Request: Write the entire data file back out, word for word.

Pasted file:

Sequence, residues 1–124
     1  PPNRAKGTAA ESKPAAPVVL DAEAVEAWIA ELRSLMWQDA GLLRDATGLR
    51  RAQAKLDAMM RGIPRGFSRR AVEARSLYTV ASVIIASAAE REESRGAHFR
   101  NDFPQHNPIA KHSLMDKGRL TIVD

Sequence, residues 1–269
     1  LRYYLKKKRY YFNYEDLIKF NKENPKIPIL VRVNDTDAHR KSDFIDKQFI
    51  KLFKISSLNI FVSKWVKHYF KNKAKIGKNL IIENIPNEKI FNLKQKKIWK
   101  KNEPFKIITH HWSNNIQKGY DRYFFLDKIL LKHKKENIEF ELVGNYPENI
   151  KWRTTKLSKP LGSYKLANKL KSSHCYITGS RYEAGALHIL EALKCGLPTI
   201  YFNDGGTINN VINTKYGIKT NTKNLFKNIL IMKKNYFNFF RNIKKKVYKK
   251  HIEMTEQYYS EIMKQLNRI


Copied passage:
Sequence, residues 1–124
     1  PPNRAKGTAA ESKPAAPVVL DAEAVEAWIA ELRSLMWQDA GLLRDATGLR
    51  RAQAKLDAMM RGIPRGFSRR AVEARSLYTV ASVIIASAAE REESRGAHFR
   101  NDFPQHNPIA KHSLMDKGRL TIVD

Sequence, residues 1–269
     1  LRYYLKKKRY YFNYEDLIKF NKENPKIPIL VRVNDTDAHR KSDFIDKQFI
    51  KLFKISSLNI FVSKWVKHYF KNKAKIGKNL IIENIPNEKI FNLKQKKIWK
   101  KNEPFKIITH HWSNNIQKGY DRYFFLDKIL LKHKKENIEF ELVGNYPENI
   151  KWRTTKLSKP LGSYKLANKL KSSHCYITGS RYEAGALHIL EALKCGLPTI
   201  YFNDGGTINN VINTKYGIKT NTKNLFKNIL IMKKNYFNFF RNIKKKVYKK
   251  HIEMTEQYYS EIMKQLNRI